Jim spent the rest of the day with Bones, learning everything he possibly could about the man. Like the fact that his name was Leonard McCoy, and he’d been a doctor before his wife divorced him and kicked him out of his home. Bones had looked surprised by Jim’s anger when he told him about what his ex-wife had done, but his expression softened when Jim explained that Bones was too good of a man to be treated the way he had been by her.
“You’ve only known me for a few hours,” Bones pointed out, trying to push down his smile when Jim leaned into him. They had walked around town all day, and when the sun had started to set Jim had dragged him to the pier, forcing him to sit down and watch the sunset with him. Despite all his grumbling, Bones had enjoyed it. He’d enjoyed every minute of the time he’d spent with Jim. “Why the hell are you so upset by what my wife did?”
Jim looked up at him, smiling softly at him. “These have been the best few hours of my life.” He nudged Bones with his shoulder. “You deserve better than what she gave you. You’re very different from everyone I’ve ever known. I like it.” He paused, licking his lips and looking at Bones with a look that Bones hadn’t been expecting. “I like you.” Jim moved his hands slowly to cup Bones’s cheeks, giving the older man plenty of time to move away.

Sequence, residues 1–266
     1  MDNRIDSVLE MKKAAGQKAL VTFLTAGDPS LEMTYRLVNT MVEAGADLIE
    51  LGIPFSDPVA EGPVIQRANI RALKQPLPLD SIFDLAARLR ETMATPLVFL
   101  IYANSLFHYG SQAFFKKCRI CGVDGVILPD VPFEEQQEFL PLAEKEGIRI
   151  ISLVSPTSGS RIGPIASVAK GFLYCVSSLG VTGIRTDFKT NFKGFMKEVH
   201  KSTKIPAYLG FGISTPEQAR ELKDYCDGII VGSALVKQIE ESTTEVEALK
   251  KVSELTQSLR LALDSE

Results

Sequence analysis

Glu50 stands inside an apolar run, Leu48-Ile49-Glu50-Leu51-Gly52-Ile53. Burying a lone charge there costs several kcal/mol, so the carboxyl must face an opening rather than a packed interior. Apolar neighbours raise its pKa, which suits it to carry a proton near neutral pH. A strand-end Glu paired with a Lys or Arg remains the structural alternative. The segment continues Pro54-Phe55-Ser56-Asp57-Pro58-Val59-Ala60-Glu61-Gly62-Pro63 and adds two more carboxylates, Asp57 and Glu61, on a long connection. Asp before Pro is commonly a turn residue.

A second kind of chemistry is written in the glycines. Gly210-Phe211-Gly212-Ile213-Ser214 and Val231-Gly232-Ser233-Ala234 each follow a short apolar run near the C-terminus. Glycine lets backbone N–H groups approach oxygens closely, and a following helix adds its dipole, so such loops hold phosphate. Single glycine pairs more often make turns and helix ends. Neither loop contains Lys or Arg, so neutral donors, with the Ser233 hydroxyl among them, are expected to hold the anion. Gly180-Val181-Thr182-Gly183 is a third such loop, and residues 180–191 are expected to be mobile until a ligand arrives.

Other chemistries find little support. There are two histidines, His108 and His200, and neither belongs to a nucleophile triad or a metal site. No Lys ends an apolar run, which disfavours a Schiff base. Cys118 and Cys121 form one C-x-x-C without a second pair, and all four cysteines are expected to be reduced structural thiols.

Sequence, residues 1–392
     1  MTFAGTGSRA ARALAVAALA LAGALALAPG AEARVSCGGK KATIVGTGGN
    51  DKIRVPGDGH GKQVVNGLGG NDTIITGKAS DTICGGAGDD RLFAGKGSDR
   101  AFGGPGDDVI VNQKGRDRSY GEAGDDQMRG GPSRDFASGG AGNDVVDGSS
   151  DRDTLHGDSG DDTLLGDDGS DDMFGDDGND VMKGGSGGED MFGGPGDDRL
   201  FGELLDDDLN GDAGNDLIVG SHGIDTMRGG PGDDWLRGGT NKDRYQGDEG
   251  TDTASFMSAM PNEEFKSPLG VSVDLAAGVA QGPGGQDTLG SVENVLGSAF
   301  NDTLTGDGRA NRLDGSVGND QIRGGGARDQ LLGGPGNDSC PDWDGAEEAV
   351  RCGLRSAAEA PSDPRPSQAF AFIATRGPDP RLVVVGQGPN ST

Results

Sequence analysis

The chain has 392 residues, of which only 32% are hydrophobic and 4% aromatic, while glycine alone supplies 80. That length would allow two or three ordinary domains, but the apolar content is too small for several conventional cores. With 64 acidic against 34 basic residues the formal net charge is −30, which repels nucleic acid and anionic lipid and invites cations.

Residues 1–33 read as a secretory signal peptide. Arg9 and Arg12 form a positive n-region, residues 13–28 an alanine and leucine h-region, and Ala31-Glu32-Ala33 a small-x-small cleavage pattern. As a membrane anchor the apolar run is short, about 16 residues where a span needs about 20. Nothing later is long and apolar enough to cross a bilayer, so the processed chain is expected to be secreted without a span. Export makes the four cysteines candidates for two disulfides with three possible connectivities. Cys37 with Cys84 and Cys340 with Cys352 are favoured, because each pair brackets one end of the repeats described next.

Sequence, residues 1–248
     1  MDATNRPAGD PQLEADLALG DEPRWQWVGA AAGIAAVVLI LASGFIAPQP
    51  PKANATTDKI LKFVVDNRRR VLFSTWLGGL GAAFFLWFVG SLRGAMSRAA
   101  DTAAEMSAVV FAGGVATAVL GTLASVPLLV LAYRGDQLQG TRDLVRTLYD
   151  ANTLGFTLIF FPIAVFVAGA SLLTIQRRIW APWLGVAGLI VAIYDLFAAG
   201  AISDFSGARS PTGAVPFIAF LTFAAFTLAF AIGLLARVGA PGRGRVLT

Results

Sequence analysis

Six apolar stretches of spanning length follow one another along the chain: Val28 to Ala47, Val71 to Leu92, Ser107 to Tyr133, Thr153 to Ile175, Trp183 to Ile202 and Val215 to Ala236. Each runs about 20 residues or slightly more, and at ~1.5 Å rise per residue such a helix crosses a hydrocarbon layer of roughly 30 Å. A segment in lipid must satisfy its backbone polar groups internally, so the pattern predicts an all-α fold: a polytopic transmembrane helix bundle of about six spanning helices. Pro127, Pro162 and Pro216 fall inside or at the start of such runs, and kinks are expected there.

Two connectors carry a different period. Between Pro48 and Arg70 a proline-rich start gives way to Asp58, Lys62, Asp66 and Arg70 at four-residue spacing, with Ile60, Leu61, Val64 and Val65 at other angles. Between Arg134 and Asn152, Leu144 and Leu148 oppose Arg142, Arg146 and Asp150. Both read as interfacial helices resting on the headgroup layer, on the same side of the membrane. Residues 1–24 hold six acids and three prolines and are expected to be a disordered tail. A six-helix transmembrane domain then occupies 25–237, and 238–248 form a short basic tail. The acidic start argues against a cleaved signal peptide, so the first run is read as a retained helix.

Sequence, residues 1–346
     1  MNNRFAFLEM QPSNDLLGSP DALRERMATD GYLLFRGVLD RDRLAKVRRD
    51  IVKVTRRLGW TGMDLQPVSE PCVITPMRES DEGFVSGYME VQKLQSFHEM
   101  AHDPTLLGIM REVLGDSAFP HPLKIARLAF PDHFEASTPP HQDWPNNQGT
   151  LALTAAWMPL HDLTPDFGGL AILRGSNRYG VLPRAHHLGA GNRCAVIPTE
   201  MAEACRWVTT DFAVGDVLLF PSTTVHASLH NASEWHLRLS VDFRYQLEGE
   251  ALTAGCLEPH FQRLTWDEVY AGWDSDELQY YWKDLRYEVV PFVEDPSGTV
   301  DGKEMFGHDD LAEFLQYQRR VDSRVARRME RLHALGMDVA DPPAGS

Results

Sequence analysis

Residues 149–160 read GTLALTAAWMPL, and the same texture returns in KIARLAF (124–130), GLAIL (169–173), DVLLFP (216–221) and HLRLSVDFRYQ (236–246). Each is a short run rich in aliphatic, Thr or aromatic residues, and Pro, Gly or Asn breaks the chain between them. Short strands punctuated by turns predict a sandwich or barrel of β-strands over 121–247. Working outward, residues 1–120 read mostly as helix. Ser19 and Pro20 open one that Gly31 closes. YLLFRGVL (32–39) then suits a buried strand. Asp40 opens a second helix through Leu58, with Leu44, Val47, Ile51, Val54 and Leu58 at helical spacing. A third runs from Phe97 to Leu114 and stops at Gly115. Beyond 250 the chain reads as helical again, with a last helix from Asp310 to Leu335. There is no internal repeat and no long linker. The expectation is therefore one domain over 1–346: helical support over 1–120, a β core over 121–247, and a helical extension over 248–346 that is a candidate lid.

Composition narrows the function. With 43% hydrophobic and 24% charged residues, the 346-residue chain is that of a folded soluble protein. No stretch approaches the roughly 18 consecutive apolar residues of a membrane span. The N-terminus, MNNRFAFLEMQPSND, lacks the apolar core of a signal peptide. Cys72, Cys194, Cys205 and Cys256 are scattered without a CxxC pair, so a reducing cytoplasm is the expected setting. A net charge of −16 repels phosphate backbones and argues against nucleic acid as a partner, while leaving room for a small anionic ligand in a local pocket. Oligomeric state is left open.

Bones didn’t, of course he didn’t, and Jim lips were soon inches from his. “Do you?” Bones closed his eyes, his hands moving to cover Jim’s. He could feel Jim’s breath mingling with his, and then he was kissing him, his body molding against Jim’s, pushing the younger man onto his back.
They stayed at the pier all night, making promises that both had never considered before, but were now fully intent on keeping. “I won’t get with anyone while you’re gone,” Jim promised between moans, his nails raking down Bones’s now bare back. “I’ll wait for you.”
Bones bit down on Jim’s collarbone, muffling his cries with tanned, freckled skin. “I’ll write you. Every chance I get.” He kissed his way up Jim’s jaw. “I’ll visit you when I’m on leave.” He pressed a gentle kiss to Jim’s lips. “Hell, kid, I might end up loving you.”